Chronic Kidney Disease When There’s No “Quick Fix” for What Ails You – Interview  

Chronic Kidney Disease When There’s No “Quick Fix” for What Ails You – Interview   

Living with a chronic disease is complicated. Even more so, for the 37 million Americans living with chronic kidney disease (CKD), they may feel stuck, depressed, and suffer economic pressure.

According to a recent report,

more than half of patients living with CKD said that the complications of their disease caused a profound impact on their day-to-day activities and overall quality of life.[i] This includes impact on their mental well-being, sleep schedule, and meal management.

One of the complications that patients most commonly experience with CKD is anemia, which, if left untreated, can become life-threatening.

Anemia is a common yet serious medical condition

in which patients have fewer red blood cells (RBCs) than normal and low levels of hemoglobin, a protein in RBCs that carries oxygen throughout the body. This causes the body to work harder to deliver oxygen to the tissues and organs and often results in extreme fatigue, weakness, and dizziness.

Anemia of CKD is often underdiagnosed and undertreated.

Stagnation in science has led to a 30-year dearth in new treatments for anemia of CKD, and reported treatment rates for anemia of CKD are typically low at around 10-15%.[ii] Patients often feel overwhelmed and uncertain about what’s happening to their bodies, making it hard to get the help they need. As their condition progresses, many patients end up accepting their exhaustion and lower quality of life as the “new normal” and stop expecting anything different.

After decades of inertia, recent advances have expanded the understanding of the complex pathophysiology of anemia of CKD.

Join me in a recent interview

with Dr. Robert Provenzano, an Associate Clinical Professor of Medicine at Wayne State University School of Medicine in Detroit Michigan, as he discussed anemia of CKD, its symptoms, and why it’s important to seek treatment. Dr. Provenzano also outlined some of the recent scientific developments that are leading to a shifting treatment paradigm for patients who live with anemia of CKD, so they can get more out of life.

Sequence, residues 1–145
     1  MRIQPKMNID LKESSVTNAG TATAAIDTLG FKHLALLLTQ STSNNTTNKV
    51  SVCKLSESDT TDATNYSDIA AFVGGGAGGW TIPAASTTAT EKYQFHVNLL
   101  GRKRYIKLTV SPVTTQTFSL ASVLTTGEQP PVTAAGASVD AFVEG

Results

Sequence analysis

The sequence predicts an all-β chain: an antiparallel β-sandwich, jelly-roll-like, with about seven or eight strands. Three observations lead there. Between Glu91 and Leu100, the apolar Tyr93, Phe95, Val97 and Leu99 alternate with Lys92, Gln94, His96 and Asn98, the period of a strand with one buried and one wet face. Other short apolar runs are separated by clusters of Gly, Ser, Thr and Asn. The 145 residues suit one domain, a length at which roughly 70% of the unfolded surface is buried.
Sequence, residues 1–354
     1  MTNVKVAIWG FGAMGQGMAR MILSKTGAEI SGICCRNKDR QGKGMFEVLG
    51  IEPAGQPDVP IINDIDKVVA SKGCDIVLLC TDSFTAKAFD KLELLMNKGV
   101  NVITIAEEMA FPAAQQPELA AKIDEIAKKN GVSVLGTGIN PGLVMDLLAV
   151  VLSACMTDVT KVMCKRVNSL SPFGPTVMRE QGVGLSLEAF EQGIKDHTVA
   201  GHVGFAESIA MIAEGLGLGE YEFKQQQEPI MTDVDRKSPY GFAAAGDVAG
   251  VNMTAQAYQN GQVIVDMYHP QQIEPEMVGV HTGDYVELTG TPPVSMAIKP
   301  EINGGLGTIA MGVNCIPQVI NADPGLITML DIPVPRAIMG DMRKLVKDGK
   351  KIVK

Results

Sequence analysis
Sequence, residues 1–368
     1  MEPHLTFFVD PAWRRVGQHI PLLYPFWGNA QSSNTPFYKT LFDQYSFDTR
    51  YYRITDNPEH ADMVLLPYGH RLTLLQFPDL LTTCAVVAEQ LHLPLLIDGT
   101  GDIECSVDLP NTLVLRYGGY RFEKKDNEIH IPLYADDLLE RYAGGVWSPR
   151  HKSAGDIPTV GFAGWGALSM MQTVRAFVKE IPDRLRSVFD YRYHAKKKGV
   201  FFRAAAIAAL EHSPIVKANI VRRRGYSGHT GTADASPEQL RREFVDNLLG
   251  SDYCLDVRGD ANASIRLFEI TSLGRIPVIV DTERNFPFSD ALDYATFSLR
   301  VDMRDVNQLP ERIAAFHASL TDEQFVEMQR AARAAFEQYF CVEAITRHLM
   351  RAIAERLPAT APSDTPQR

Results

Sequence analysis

See the entire interview here:

For more information, go to

BIO: Dr. Robert Provenzano

Robert Provenzano is an Associate Clinical Professor of Medicine at Wayne State University School of Medicine in Detroit Michigan.

He has served previously as the Chief of the Division of Nephrology, Hypertension & Transplantation, Director of Nephrology Research, and Director of Acute Dialysis Services at St. John Hospital & Medical Center in Detroit, MI., Chief Operating Officer of St. Clair Specialty Physicians in Detroit, and the Vice President of Medical Affairs for DaVita Inc. Dr. Provenzano has recently overseen all of the owned & managed practice for DaVita as its CMO for Nephrology Practice Solutions (NPS). Currently, he has focused, in a consultant role, on anemia management for CKD and ESRD patients for several Pharmaceutical organizations.

Dr. Provenzano completed his internship and residency at St. John Hospital and Medical Center. His nephrology fellowship was completed at Henry Ford Hospital in Detroit, MI.

Interview courtesy of AstraZeneca

[i] AstraZeneca Internal. Chronic Kidney Disease Personal Impact Index (CKD PII). Page 2.

[ii] Stauffer ME, Fan T. Prevalence of anemia in chronic kidney disease in the United States. PLoS One. 2014;9(1):e84943.doi:10.1371/journal.pone.0084943

Cynthia Tait

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